They were all originally scheduled to appear here at the Elbphilharmonie on 29 March 2021: the French ensemble Pygmalion, its young conductor Raphaël Pichon, a whole series of outstanding vocal soloists like Stéphane Degout and Julian Prégardien – and last but not least, Johann Sebastian Bach. A performance of Bach’s famous »St Matthew Passion« was on the programme as the opening concert of the Easter festival. This setting of Christ’s Passion is one of the most important sacred works in the repertoire.
Unfortunately, the concert cannot be given at the Elbphilharmonie as planned because of the coronavirus pandemic, but that doesn’t mean it has to be cancelled: the musicians are broadcasting it as a live stream from the Eglise de la Madeleine, a wonderful old church in Aix-en-Provence in the south of France.
»Such effortless virtuosity and perfection, such weightlessness – and then the moving simplicity and sincerity, coupled with deeply felt expression!«
BR-Klassik about the Pygmalion ensemble
Pygmalion choir and orchestra
Maîtrise de Radio France choir
Julian Prégardien Evangelist
Stéphane Degout Jesus
Christian Immler Pilatus
Sabine Devieilhe soprano
Hana Blažíková soprano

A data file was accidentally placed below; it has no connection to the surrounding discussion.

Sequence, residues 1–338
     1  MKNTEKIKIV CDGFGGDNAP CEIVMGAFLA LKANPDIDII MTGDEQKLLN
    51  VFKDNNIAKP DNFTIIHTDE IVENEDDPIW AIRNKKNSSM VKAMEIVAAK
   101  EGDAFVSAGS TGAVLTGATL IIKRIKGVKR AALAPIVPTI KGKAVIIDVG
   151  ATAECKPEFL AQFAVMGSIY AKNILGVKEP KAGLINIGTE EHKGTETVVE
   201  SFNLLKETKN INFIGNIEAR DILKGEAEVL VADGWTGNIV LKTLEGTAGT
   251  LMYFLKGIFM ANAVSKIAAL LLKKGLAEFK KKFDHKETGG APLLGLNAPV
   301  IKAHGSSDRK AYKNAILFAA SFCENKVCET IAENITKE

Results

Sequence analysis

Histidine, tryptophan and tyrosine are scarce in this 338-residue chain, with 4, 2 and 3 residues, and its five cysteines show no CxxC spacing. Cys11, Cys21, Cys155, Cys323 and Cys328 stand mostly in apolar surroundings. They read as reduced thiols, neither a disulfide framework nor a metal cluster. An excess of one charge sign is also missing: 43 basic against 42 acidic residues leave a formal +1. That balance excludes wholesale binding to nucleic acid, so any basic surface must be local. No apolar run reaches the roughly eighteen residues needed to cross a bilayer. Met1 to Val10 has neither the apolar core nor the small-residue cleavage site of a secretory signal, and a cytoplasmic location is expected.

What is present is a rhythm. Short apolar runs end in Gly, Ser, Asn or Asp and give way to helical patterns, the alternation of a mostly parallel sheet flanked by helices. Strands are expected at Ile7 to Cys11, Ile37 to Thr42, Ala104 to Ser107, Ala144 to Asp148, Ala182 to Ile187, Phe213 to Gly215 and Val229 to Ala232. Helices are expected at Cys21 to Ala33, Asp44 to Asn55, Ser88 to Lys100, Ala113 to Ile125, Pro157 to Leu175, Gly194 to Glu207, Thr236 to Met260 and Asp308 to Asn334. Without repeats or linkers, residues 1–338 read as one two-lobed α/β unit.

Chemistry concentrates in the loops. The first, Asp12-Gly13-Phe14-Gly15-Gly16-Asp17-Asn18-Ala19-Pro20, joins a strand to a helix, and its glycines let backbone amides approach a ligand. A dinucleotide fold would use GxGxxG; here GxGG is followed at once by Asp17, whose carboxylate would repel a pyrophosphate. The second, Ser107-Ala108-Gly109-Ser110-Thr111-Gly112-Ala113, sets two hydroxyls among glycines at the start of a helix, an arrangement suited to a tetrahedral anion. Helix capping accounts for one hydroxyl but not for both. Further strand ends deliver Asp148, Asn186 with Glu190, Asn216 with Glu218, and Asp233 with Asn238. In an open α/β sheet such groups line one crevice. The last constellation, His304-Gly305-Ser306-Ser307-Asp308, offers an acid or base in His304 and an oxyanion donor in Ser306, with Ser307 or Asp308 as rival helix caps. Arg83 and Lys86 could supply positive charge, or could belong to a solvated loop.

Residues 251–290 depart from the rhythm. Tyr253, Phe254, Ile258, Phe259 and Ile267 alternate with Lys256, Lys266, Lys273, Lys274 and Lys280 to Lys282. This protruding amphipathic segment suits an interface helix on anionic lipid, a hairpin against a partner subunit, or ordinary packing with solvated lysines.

Lucile Richardot alto
Tim Mead countertenor
Emiliano Gonzalez Toro tenor
Renoud Van Mechelen tenor
Raphaël Pichon direction
Johann Sebastian Bach (1685–1750)
St Matthew Passion BWV 244 (1727)
The Ensemble: Pygmalion
Bach’s music plays a very central role for Pygmalion: the French ensemble was founded 15 years ago for one of the big European Bach festivals, and the Baroque master has since been one of the focuses of their work. Pygmalion, which consists of an orchestra and a choir, has established an international reputation with its unusual sound. With passion and precision, the members of the ensemble pursue historic performing practice in the search for a Baroque sound of the greatest possible authenticity. Under the baton of its founder Raphaël Pichon, who is himself a trained countertenor, Pygmalion has already recorded numerous award-winning albums.
This would not have been the first visit to Hamburg for the Baroque specialists. They already attracted a lot of attention when they appeared at the Laeiszhalle in 2013: »Irresistible!« as one critic exclaimed.
In Hamburg wären die Barock-Spezialisten nicht zum ersten Mal zu Gast gewesen. Bereits 2013 erregten sie mit einem Konzert in der Laeiszhalle viel Aufmerksamkeit – »unwiderstehlich«, jubelte die Kritik.
A timeless classic that had a bumpy start :Bach’s »St Matthew Passion«
Why is anyone still interested in the Passion story nowadays? A third of the German population doesn’t go to church at all any more, while just a few per cent may go at Christmas. And the bloody story of the Crucifixion, with all its suffering and atonement, all its regret and punishment, doesn’t really seem to fit into the present day. Nonetheless, Johann Sebastian Bach’s St Matthew Passion is an integral part of our culture; it is performed every year in numerous churches large and small by amateurs and professionals alike, and there is never any trouble filling the seats.
In the beginning silence reigned